New Tech in Ohio Warns Drivers of Traffic Congestion and Associated Dangers


Ohio Governor Mike DeWine and Ohio Department of Transportation (ODOT) Director Jack Marchbanks have introduced an innovative initiative leveraging technology to identify and communicate traffic congestion, particularly in high-congestion and high-crash areas. The initiative involves installing warning systems at 13 highway sites near major urban centers, which have been identified as problematic by ODOT.

Equipped with cameras, these sites will automatically detect slow or stopped traffic, triggering nearby message boards to alert approaching drivers about potential traffic hazards. In addition to on-site warnings, alerts will be disseminated through traffic apps like OHGO.

“As technology continues to evolve, we’re always looking for new ways to help prevent serious and fatal crashes on our highways,” DeWine said. “Although we’re confident that these warning systems will help prevent crashes, there is still no substitute for safe driving. For these signs to be effective, drivers must be paying attention.”

The primary goal of these warning systems is to address the rising number of “end-of-queue” crashes, where drivers fail to recognize slowing or stopped traffic, resulting in collisions at the tail end of the slowdown.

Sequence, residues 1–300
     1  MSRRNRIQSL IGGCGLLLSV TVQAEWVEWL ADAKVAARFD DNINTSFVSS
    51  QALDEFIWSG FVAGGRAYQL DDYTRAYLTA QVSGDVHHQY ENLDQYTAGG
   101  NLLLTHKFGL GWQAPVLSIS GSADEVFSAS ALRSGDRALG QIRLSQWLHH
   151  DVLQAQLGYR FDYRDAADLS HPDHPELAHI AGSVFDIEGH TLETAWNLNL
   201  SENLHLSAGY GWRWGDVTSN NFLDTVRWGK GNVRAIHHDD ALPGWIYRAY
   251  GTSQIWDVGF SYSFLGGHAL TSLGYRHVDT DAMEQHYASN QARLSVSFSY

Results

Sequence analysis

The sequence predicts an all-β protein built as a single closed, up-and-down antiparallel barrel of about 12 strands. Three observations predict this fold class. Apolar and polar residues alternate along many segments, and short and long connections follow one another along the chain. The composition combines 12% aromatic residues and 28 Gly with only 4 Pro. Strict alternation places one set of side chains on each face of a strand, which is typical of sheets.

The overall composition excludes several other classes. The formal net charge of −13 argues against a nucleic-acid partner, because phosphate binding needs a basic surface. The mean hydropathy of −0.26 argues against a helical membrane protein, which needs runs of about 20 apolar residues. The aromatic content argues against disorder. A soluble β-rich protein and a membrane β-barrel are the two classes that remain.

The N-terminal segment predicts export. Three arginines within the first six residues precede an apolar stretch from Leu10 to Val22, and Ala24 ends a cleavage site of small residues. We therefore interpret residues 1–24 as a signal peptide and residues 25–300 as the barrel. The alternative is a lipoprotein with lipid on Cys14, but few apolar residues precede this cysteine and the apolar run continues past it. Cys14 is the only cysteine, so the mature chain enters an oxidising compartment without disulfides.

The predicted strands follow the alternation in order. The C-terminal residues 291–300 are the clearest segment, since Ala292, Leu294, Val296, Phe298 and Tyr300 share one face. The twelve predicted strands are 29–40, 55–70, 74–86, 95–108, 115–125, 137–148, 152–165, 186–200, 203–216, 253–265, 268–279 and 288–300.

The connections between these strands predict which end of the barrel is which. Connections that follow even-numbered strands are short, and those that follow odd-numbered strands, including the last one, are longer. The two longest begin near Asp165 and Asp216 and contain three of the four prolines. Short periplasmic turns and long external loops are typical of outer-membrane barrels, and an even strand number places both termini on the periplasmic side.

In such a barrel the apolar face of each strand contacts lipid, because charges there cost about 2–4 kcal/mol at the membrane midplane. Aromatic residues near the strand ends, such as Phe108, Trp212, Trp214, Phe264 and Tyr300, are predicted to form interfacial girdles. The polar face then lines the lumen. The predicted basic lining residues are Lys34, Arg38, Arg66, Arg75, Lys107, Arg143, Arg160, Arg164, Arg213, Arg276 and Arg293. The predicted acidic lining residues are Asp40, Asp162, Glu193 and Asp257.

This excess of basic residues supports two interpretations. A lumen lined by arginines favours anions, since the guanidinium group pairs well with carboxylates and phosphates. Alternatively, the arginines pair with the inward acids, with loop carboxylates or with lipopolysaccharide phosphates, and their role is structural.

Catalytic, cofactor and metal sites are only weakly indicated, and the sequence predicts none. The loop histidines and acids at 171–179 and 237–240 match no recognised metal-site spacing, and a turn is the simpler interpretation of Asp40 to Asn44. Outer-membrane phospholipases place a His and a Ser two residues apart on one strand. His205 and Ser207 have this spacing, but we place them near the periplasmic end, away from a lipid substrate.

ODOT reported an increase in end-of-queue crashes to 8,811 in 2023. The introduction of technology at these 13 sites aims to decrease such crashes by at least 16%, anticipating a reduction of around 1,400 collisions. The first system was activated on I-70 westbound at State Route 310 in Licking County, a location associated with a fatal rear-end crash in November 2023.

The automated traffic queue warning systems share technology similarities with ODOT’s wrong-way driver detection systems in Cincinnati, Dayton, and Columbus. These existing systems have successfully identified nearly 300 wrong-way drivers, showcasing the effectiveness of such technology.

“I’m incredibly proud of the efforts our team has made to ensure Ohio is leading the way when it comes to deploying these new resources,” Marchbanks said. “These new warning systems, combined with Ohio’s toughened distracted driving laws, will surely save lives.”

ODOT is optimistic about the potential impact of these warning systems on road safety. The initiative aligns with efforts to mitigate distracted driving, with provisional crash data from the Ohio State Highway Patrol indicating a significant reduction in traffic crashes in 2023 compared to previous years.

“Education of distracted driving, along with this technology, will help achieve our mutual goals of increasing safety on our roads and reducing serious crashes,” said Colonel Charles A. Jones, Ohio State Highway Patrol superintendent. “We, as troopers, take it to heart that our job every day is to ensure that motorists make it home to their families, and we make it home to ours.”

While the full implementation of the automated warning systems at the remaining 12 sites will take approximately two years, ODOT is actively evaluating other highway locations in the state that could benefit from similar technology. This forward-looking approach reflects the state’s commitment to leveraging technology to enhance road safety and prevent avoidable accidents.



Source: The Trucker